Protestors, to get the message across, learn your rights
A lathi charge was called on and tear gas thrown at the women and children protesting against the Abbas Town tragedy.
The peaceful demonstration for the Abbas Town tragedy at Teen Talwar on Monday, under the calligraphic engravings of Quaid-e-Azam’s motto, was bound by faith and discipline. Around 50 people gathered at the roundabout, holding placards which called for peace and justice - but the day didn’t have a happy ending.
The small crowd of 30 to 35 people that stayed post-maghrib was asked repeatedly to disperse by the police. At first, they were told that they would not be provided security until 7:30pm, but people responded that they would stand at their own risk. Later, they were informed about a ‘mob’ on its way to wreak havoc, followed by news of a terrorist threat. Four police vans arrived outside the nearby markets but the crowd refused to disperse.
At about 8pm, traffic was cordoned off by the police vans so that the area around Teen Talwar was completely isolated. In 15 minutes, there was a bitter verbal exchange between some of the demonstrators and police - and within five minutes, there was a lathi (baton) charge.
Tear gas was fired at the demonstration, which mostly consisted of women and a few young students, who eventually dispersed. By 8:45pm, it was almost as if nothing ever happened.
In this unfortunate chain of events, it is evident that the group meant well, but lacked the unity and organisation required for any demonstration. To begin with, there was no leader - these were a miscellaneous group of people who were unsure about their goals and strategy.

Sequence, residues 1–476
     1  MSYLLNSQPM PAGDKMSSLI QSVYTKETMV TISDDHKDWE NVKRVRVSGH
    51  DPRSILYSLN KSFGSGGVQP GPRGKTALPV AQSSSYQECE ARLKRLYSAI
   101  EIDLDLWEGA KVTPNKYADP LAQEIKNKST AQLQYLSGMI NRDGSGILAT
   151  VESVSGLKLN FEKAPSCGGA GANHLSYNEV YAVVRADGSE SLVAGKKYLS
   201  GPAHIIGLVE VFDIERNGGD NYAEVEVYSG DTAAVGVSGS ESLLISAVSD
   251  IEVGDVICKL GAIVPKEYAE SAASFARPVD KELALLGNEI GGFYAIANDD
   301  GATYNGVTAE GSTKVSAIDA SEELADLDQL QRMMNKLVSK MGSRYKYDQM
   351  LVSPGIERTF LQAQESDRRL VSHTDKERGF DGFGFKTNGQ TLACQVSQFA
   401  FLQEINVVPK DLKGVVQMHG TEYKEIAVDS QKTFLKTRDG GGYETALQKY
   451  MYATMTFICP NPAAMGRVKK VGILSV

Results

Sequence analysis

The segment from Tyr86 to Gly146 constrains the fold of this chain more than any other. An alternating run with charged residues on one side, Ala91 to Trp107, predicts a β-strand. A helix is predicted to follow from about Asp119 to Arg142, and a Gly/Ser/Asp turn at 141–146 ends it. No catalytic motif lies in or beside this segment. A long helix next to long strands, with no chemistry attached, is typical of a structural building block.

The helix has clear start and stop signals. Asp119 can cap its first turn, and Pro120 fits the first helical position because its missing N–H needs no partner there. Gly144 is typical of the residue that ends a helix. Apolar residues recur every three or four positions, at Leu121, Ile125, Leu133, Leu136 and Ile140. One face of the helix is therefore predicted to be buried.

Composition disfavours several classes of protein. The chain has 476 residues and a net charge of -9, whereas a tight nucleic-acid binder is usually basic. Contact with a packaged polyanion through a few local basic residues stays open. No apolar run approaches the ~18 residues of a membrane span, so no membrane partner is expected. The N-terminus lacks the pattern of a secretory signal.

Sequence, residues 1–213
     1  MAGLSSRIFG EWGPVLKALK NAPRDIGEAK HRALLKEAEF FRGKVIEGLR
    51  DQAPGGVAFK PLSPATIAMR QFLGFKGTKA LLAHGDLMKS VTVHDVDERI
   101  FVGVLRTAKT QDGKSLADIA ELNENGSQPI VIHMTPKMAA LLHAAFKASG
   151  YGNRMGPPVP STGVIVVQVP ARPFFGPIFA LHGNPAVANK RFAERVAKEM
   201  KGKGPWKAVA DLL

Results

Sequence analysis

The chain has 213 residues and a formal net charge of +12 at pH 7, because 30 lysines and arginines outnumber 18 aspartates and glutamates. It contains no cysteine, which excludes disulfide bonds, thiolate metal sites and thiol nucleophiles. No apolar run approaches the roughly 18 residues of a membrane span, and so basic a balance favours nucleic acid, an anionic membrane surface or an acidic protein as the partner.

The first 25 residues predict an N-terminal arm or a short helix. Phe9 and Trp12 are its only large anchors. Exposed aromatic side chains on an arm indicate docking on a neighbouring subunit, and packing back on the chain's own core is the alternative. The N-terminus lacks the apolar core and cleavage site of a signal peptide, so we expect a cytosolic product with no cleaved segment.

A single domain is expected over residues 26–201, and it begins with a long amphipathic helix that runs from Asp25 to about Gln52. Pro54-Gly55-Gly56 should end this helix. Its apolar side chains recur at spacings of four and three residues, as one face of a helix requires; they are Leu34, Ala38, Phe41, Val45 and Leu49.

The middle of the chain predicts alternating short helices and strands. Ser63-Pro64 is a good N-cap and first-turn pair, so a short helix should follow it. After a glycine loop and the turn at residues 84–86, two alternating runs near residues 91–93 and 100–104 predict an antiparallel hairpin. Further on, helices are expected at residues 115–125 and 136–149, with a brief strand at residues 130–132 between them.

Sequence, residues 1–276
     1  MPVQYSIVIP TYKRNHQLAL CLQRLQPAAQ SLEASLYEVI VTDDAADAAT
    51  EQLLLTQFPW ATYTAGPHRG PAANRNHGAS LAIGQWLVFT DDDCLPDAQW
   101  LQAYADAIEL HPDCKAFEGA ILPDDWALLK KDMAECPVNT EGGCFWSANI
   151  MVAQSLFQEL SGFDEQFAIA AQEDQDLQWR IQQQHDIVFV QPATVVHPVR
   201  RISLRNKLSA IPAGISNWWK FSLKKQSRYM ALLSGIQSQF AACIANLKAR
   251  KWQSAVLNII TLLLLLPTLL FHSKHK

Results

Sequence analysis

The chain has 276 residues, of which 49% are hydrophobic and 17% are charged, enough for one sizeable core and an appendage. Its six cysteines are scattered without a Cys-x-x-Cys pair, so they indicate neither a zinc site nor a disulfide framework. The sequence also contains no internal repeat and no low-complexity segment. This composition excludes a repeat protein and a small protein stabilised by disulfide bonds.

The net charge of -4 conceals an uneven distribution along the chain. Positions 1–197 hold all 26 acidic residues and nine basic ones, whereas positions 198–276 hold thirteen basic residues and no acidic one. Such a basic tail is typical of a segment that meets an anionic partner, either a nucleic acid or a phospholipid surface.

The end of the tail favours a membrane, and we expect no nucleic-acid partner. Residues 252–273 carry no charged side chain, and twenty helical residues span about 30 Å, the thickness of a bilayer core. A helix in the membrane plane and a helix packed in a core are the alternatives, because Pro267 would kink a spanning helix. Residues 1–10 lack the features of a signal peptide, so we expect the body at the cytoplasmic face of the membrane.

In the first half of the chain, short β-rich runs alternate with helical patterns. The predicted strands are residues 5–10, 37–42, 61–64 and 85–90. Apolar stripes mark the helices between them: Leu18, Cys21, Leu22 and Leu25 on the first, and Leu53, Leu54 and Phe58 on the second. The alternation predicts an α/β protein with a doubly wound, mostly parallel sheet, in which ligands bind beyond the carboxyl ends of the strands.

Moreover, their agenda was unclear - were they continuing the day’s earlier fund collection, was it a dharna, was it exclusively for Shias or for Sunnis as well, and was there a list of demands that were being set forth.
What was also problematic was that these protesters were unaware of their rights. Article 16 of the Constitution prescribes that,
‘Every citizen has the right to assemble peacefully and without arms, subject to any reasonable restrictions imposed by law in the interest of public order.’
Since a handful of people posed no threat to public order and did not even disrupt the traffic, a call for restriction was not reasonable.
Pakistan has recently ratified the International Covenant on Civil and Political Rights which requires the state to ensure the safety of its citizens and maintain law and order, in particular to prevent the loss of life or other personal or material damage and which recognises the right of peaceful assembly.
“No restrictions may be placed on the exercise of this right other than those imposed in conformity with the law and which are necessary in a democratic society in the interests of national security or public safety, public order, the protection of public health or morals or the protection of the rights and freedoms of others.”
This proves that since the Course Section 144 was not invoked, the lathi charge and tear gas was completely uncalled for.
What is needed is a concerted effort to inform the citizens about their inherent right to protest and demonstrate within the legal set-up allowed to them under the Constitution. This could be done through pamphlets and websites so that the next time a group of people, however small, congregates to register their presence, they are united, with a common sense of purpose.
It was highly unfortunate that these people at Teen Talwar were dealt with so violently. But such is the state of affairs. It is up to the people to bring about a change - perhaps a small group of thoughtful and committed individuals that, as Margaret Mead reminds us, is the only force that has ever brought about significant change in the world.
The writer would like to thank Asad Jamal for helping provide some details of the legalities of protest for the purpose of this article.